They got me. Not hooked, but interested again.
When you download Qumana, you’re expected to fill in your email address. It’s not required and the use of the email address is explained on the download page. For those of us with good filters against unsolicited emails, it’s not too scary. Didn’t think too much of it.
Tried Qumana a little while ago, along with other blogging tools. Can’t remember what it was that didn’t really convince me at that point, but there must have been something. Been blogging in my blogging system‘s Web editor since then. And wasn’t really thinking about other solutions.
Just got an email from Qumana telling us about a new beta version of their blog editor. Though the new features don’t sound that compelling to me, it got me interested again. And here I am, trying Qumana again.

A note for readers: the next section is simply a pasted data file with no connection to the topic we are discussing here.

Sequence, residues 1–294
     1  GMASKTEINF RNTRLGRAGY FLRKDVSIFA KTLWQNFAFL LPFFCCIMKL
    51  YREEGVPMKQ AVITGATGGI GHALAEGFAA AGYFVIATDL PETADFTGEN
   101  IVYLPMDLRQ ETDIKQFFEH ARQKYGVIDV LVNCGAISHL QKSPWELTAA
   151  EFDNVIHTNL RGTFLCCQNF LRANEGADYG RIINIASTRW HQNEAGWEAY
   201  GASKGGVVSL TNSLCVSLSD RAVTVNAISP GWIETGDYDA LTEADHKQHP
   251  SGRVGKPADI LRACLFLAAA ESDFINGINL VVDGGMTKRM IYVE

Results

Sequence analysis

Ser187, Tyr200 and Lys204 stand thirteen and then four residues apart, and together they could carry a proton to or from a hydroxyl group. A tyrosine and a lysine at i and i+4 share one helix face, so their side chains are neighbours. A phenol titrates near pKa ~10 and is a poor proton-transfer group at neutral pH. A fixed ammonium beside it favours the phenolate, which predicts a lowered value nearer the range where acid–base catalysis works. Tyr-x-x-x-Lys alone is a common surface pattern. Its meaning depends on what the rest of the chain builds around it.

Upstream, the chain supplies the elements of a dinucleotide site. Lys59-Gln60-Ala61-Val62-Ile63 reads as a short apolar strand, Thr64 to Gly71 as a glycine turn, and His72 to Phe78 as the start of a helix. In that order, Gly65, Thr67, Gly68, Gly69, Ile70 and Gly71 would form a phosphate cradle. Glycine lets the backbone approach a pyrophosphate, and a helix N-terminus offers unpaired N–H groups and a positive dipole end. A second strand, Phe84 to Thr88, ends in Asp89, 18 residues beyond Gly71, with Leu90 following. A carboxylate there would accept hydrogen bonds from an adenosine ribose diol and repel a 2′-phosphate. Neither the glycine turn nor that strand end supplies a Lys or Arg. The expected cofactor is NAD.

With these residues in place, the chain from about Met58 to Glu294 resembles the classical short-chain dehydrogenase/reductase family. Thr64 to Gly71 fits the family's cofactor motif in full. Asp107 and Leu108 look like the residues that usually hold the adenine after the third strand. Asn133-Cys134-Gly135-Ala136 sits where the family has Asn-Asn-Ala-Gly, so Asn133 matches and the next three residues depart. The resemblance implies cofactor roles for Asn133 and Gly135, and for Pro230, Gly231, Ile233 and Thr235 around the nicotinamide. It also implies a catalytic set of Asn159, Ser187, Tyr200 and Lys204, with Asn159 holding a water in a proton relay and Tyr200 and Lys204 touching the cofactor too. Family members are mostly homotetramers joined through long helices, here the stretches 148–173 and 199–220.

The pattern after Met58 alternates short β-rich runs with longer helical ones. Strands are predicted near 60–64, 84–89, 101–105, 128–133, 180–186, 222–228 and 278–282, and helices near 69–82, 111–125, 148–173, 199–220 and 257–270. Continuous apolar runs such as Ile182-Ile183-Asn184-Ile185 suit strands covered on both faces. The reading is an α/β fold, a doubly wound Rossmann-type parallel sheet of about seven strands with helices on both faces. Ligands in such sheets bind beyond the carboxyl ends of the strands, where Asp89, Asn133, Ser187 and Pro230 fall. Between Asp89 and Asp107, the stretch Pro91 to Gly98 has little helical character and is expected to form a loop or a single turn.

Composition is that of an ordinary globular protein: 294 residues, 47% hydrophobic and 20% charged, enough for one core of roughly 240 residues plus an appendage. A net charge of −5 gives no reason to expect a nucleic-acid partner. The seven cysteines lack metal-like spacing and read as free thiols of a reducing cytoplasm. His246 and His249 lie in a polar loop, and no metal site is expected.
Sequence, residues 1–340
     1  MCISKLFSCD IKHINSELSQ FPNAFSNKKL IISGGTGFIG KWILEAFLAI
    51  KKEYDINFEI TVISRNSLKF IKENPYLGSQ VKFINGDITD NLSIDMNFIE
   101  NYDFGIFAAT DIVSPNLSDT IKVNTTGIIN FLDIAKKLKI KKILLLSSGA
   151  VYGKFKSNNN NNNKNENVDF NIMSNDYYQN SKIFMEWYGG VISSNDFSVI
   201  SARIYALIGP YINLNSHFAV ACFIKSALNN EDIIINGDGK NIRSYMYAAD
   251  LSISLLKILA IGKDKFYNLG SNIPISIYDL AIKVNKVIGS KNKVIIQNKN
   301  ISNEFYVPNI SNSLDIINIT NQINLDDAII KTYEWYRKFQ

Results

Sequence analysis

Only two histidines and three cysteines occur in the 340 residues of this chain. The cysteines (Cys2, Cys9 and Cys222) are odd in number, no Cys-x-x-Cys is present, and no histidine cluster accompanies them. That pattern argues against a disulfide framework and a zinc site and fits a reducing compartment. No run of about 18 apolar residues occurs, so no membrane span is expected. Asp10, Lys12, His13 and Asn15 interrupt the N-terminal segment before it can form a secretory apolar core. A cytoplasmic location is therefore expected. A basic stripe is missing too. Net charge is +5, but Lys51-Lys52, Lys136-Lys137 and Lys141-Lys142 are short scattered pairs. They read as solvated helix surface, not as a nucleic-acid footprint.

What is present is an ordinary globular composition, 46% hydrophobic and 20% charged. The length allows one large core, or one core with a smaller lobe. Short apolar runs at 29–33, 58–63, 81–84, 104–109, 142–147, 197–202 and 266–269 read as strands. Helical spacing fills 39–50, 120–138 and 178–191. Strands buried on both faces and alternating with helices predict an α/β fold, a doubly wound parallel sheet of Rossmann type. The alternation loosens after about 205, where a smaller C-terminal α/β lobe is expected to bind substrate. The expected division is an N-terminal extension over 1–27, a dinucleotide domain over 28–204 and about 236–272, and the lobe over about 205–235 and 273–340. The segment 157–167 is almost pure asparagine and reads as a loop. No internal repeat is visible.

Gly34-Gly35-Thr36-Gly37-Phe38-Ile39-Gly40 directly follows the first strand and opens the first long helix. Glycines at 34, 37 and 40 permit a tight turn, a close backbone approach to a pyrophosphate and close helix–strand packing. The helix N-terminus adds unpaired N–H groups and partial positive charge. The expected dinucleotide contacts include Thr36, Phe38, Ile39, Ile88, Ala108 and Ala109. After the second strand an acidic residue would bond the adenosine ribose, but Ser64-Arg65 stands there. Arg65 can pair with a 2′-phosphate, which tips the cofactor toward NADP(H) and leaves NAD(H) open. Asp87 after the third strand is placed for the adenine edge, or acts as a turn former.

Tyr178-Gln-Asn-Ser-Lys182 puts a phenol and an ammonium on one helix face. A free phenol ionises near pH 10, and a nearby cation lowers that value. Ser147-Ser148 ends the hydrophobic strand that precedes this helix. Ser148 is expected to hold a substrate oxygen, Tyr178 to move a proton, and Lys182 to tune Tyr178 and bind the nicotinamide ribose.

And, you know, it’s not bad at all. Quite comparable to ecto. But free.
What would be really, really nice is a del.icio.us-like way to add tags, labels, and categories. Qumana does have an "insert tags" button which lets you add comma-separated tags. But these are, AFAIK, not connected with WordPress categories or Blogger beta labels. And it’s not exactly as useful as it could be. First, it could be a field in the editing window instead of a button. And it could work like del.icio.us in providing you with a context-sensitive list of possibly-relevant tags. This might have been the deal-breaker with Qumana for me before. You can use your WordPress categories, but you can’t add any.
Qumana’s strategy, of sending a reminder email to those who downloaded the program, is pretty much what it should be. It’s not sneaky, it’s not pressure-selling, and it’s not begging. But it’s a good way to connect with users. These guys got a clue.